Of course, since it was 84* outside and sunny all day, Kelley left the windows down on the car so it wouldn't be sweltering hot when we got in there to drive to the race.  This caused me to laugh heartily when we forgot about that during the thunderstorm when the car got rained on.  These are the memories we make and I love it.

Before the race
There's a bit of a gap in our pictures thanks to a thunderstorm.  This race is a half mile swim followed by a 2.6 mile run, making the whole thing a 5k distance. It started at 6:30 pm, so you're supposed to be able to get there after work and get a fun race in.  Packet pickup was supposed to end at 6 pm.  At 5:25, when we left the house, there was a torrential downpour thunderstorm going on.  But I knew it was supposed to clear out by 6:15.  Sure enough, I got the packet in the rain, we got that one pic when the rain had stopped, and when I went to setup my transition area Kelley got the kids back in the car to wait out the rain.  Eventually the storm blew through and it was a nice cool evening to race.  They had some trouble getting the buoy's out in the water, including a boat with people fishing right on our swim course, but by about 6:45 everything was clear and we were off!

Swim 1/2 mile: goal 15:00 actual 13:23

The swim was two laps and the buoys were just sort of placed out there in the middle of the lake.  I know I was pushing it pretty hard so I can totally believe the accuracy of the distance, but I'm not going to 100% guarantee you that it isn't a bit short.  The start was a bit congested, but soon enough I was able to split up between people.  I swam very slim, seemingly passing people at will.  I took an elbow to the chest once, got kicked in the shoulder once, and brought my arm down on someone's back once or twice.  Overall that first lap was very clean. 

By the second lap the field was spread out enough to not be a problem.  I did start pulling to the right pretty hard about halfway through the second lap so my arm form must have started to break down by then.  I came out of the water feeling clean and strong, much stronger than last year.

The eventual winner came out of the water in 8:18, and only one other person broke 10 minutes.  Most of the top 10 were in the 11:18 to 12:12 range.  So I am amazingly pleased with that swim.  Being that close to the race leaders means that my RAM practices are really starting to pay off.

Transition: goal 1:30, actual 1:10

Dry off a little bit, throw on some socks and running shoes and get out of there.  Really should have been under a minute, but I was trying to get my heart rate down so I wouldn't start the run completely exhausted.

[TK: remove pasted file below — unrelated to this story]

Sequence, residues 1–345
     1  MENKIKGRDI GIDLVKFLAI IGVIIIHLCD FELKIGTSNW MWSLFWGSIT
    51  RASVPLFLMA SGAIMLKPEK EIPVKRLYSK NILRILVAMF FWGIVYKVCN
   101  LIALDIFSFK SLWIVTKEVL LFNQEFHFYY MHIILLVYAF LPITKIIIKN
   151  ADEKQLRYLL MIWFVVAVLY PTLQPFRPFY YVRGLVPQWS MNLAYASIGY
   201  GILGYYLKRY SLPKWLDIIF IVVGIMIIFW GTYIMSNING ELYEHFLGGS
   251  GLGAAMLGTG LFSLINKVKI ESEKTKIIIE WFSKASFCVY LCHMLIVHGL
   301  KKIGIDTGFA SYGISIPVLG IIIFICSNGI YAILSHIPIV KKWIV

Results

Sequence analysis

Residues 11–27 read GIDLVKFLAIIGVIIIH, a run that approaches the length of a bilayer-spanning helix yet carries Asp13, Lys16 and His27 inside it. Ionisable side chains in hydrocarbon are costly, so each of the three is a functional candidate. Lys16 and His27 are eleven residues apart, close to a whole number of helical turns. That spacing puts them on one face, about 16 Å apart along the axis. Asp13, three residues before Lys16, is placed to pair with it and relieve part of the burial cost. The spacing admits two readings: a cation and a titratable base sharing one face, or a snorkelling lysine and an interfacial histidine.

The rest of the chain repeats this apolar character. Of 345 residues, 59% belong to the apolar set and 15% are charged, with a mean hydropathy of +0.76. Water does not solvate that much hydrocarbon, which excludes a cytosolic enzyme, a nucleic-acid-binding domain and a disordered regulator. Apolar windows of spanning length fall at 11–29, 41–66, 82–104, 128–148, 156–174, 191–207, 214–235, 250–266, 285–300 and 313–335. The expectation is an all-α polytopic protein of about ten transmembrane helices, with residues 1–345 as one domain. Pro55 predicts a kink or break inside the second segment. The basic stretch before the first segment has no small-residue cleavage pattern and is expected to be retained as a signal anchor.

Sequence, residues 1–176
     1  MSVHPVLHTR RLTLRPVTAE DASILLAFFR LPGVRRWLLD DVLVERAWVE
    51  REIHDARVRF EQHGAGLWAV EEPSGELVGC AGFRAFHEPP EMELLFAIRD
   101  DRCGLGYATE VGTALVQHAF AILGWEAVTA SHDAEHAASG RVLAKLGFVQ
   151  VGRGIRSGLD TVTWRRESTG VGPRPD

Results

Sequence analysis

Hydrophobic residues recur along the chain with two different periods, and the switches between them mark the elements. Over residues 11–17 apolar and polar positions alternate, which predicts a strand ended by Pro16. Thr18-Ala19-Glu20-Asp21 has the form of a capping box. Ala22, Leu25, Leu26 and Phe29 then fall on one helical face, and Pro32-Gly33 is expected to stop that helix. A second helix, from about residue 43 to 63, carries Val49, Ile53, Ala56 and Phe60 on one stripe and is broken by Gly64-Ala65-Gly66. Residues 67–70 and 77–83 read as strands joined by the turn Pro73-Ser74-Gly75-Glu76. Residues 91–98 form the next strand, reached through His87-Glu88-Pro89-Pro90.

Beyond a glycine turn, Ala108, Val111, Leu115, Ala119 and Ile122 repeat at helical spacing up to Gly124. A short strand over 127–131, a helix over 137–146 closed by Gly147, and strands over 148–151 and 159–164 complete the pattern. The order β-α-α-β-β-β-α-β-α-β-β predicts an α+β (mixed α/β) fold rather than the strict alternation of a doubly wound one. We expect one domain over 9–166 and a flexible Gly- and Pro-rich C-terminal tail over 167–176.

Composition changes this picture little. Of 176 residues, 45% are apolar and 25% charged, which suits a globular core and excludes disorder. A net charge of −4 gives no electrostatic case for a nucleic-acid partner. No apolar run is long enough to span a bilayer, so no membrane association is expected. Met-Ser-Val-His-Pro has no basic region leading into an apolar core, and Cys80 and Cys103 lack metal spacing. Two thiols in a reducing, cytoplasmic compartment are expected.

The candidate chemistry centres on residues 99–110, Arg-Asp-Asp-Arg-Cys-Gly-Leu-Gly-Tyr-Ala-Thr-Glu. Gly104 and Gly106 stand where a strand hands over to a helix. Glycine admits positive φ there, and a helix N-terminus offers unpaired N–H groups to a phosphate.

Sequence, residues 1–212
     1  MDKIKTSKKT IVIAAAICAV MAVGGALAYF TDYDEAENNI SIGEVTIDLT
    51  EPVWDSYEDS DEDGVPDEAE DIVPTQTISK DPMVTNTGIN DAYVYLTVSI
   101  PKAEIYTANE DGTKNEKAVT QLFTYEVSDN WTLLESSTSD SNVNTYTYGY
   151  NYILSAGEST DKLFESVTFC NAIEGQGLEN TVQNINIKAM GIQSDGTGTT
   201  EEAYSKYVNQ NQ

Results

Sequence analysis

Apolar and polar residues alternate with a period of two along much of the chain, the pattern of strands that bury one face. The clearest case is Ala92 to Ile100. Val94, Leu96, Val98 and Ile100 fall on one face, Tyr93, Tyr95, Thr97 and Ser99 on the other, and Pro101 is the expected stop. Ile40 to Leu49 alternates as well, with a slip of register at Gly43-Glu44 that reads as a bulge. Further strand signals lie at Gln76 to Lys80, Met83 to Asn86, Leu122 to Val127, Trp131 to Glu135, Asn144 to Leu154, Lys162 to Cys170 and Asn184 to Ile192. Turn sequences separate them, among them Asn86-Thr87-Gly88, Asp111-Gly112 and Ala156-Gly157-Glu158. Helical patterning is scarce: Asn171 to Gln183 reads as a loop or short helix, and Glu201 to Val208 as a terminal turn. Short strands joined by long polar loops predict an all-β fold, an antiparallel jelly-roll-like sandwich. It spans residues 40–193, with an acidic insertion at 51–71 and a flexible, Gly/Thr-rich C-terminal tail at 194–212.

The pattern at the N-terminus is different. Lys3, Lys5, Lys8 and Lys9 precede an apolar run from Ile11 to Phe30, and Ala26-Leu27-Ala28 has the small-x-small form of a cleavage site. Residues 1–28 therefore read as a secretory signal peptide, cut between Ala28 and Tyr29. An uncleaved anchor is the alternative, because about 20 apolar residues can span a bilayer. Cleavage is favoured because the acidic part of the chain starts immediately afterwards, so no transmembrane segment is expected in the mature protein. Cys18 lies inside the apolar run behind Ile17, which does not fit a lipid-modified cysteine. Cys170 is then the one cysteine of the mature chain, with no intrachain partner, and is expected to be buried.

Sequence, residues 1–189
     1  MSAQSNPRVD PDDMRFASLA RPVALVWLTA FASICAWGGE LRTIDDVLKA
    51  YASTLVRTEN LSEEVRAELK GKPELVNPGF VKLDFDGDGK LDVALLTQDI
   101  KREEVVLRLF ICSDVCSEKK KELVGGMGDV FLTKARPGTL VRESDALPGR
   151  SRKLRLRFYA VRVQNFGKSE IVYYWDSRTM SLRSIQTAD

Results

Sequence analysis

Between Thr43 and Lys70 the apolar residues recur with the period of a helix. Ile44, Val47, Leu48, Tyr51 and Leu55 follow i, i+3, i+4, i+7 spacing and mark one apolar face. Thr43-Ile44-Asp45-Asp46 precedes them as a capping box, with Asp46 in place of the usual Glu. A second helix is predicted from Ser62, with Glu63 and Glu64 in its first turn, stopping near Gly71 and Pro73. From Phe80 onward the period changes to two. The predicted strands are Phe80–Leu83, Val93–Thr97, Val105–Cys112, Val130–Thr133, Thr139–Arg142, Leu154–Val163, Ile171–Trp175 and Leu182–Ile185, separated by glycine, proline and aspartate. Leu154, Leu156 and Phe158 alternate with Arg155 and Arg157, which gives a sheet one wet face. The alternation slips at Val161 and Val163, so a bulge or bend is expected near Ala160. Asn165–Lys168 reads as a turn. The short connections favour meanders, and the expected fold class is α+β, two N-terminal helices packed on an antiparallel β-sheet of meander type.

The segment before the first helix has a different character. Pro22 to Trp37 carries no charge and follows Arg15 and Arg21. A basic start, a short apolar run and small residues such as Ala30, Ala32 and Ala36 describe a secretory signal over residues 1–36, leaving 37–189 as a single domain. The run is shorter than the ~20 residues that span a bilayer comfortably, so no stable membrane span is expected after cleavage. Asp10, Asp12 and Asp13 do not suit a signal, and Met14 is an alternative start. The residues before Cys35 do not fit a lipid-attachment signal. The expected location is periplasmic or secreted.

Run 2.6 miles: no split available

The course went down a road for a bit then turned onto some double track trail.  End of the trail was a turnaround.  There was water at the trailhead and the turnaround, and I took it both times.  A few hundred meters before the turnaround I had a horrible side stitch settle in.  I knew it was dehydration because I didn't drink enough water before the start.    I absolutely hate running those trails anyway, it's just the wrong mix of sun/shade and uphill/downhill.  It's like that trail tries to make it as tough as possible to begin with.  Every year I say I'm not going to run that trail again, and every year I keep coming back.  torture.

Kelley and the kids were out on the road near the finish line, so it was pretty cool hearing their cheers and getting high fives from the kids going into the trail. 
Running in a speedo isn't always glamorous.
When I came off of the trail and turned back onto the road the side stitch got me, and I walked for two breaths.  Two people passed me at that point.  I was pissed about that; I should have been able to hang on.  There are series points at stake here!  Of course those two kicked it into the finish so I couldn't catch them again.  And one of them ended up being in my age group, damnit.

Coming into the finish getting ready to high five the girls
Finish: 34:16, 4 / 4 Men 35-39, 32 / 62 overall

Unbelievable.  I didn't know that guy that passed me was in my age group at the time or I might have fought harder.  I thought he was younger than me.  He finished in 34:05, so I was only 11 freaking seconds away from an age group award!  Blerg.  I'll get him next time.

Last year I finished this race in 36:11, so I still picked up 2 minutes since then, which I'm really pleased with.  It is quite unusual for me to blow it on the run leg, that's usually my strong suit.  But next month holds another aquathon with a more unusual format, so redemption will be mine!
Walking back to the lake after the finish
When it was all said and done we let the kids play in the lake for a bit.  The park had a great playground so they had a ball soaking up the race environment and playing outside all evening.

The fun fact about Harris lake is that it's the water used to cool the reactors at the nuclear power plant (visible in the background in the last picture).  So during the swim you'll unexpectedly encounter a patch of 90* water, that just makes you swim faster to get through that hot stuff.  Cool lake, cool park, cool race.  What better way to spend a Wednesday night?

Monday, May 21, 2012

50 for Fun